The Right Call

We closed on our house this week and moved in.  The moving van arrived only two days after we did.  All in all, everything was very smooth and we love our new house.  My mom keeps saying that you know it’s what God wants when everything falls into place … like God makes mortgage companies work efficiently or gives us unbelievably nice previous owners, because this is “the right “ place for me.  I guess I just don’t think that’s the way “call” works.  I know lots of pastors who have had extremely difficult moves and they don’t have any less of a call to their church or position.

Today I was privileged to participate in two installations:  The Rev. Nancy Birdsong was installed as pastor of the Bound Brook Presbyterian Church, and the Rev. Courtney Cromie was installed as the pastor of Cornerstone Presbyterian Church in Jackson.   Both, it appears, are great calls … good fits of pastor and congregation.

The right call is like marrying the right guy.  As romantic as the concept of “soul mate” is, I know there are many people with whom I could have reasonably and lovingly chosen to spend my life.   And there are also many jobs that would have been a good fit.  Recognizing a call is about knowing yourself … your gifts, your passions, your skills, your growing edges … and being in a place that uses them, encourages them, and hones them.  I know I’m called to this position as Regional Presbyter, not because of the persistence of the PNC, the gut feeling I had the first time Myrlene (the PNC chair) called, or the remarkable (relative) ease of the move itself, but because I know myself and I learned about the presbyteries.  I’m convinced that my experiences and core values, my leadership abilities and my vision for the future fit not only the job description, but the dream and desire of the presbyteries.   AND … and this is important … I had to know that I could fall in love with you … that’s call.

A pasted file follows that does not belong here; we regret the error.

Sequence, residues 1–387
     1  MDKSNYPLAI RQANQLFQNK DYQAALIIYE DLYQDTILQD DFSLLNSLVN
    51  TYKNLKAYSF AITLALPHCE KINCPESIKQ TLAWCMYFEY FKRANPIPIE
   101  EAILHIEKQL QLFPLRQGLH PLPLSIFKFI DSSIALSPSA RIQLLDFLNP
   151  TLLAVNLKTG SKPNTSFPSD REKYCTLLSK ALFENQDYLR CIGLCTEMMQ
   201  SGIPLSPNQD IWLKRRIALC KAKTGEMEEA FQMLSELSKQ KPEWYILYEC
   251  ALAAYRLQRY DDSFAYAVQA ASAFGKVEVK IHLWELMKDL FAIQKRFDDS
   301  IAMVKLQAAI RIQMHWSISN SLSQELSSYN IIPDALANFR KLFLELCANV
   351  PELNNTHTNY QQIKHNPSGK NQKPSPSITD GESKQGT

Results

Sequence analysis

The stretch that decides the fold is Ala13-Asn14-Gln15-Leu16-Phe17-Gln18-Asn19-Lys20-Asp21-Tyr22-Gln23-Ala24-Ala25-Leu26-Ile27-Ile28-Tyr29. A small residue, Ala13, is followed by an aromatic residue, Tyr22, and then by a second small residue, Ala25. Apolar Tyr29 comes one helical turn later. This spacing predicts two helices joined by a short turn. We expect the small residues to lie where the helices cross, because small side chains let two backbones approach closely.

While I am grateful for the call “package” you have offered me, I also realize that call is hardly ever about a paycheck but about the work we do.  Many pastors are finding paychecks harder and harder to find within the Church, and many churches are finding it difficult to raise the money to pay a full-time pastor.  We see pastors moving to new communities for reasons other than a job with a church, and they need to find their call, their vocation, and their work for the kingdom within that new community.   It may or may not be a job that pays.  They may get a paycheck from driving a school bus, but find their call in counseling with parents in a low-income area, or gathering a living room full of spiritual seekers and engaging in Bible study together.  I think our understanding of call in the church will need to be both stretched and deepened as we move into the future.

How do you know you’re called to a job or a ministry?   In what ways do you see the call changing as we move into the future?

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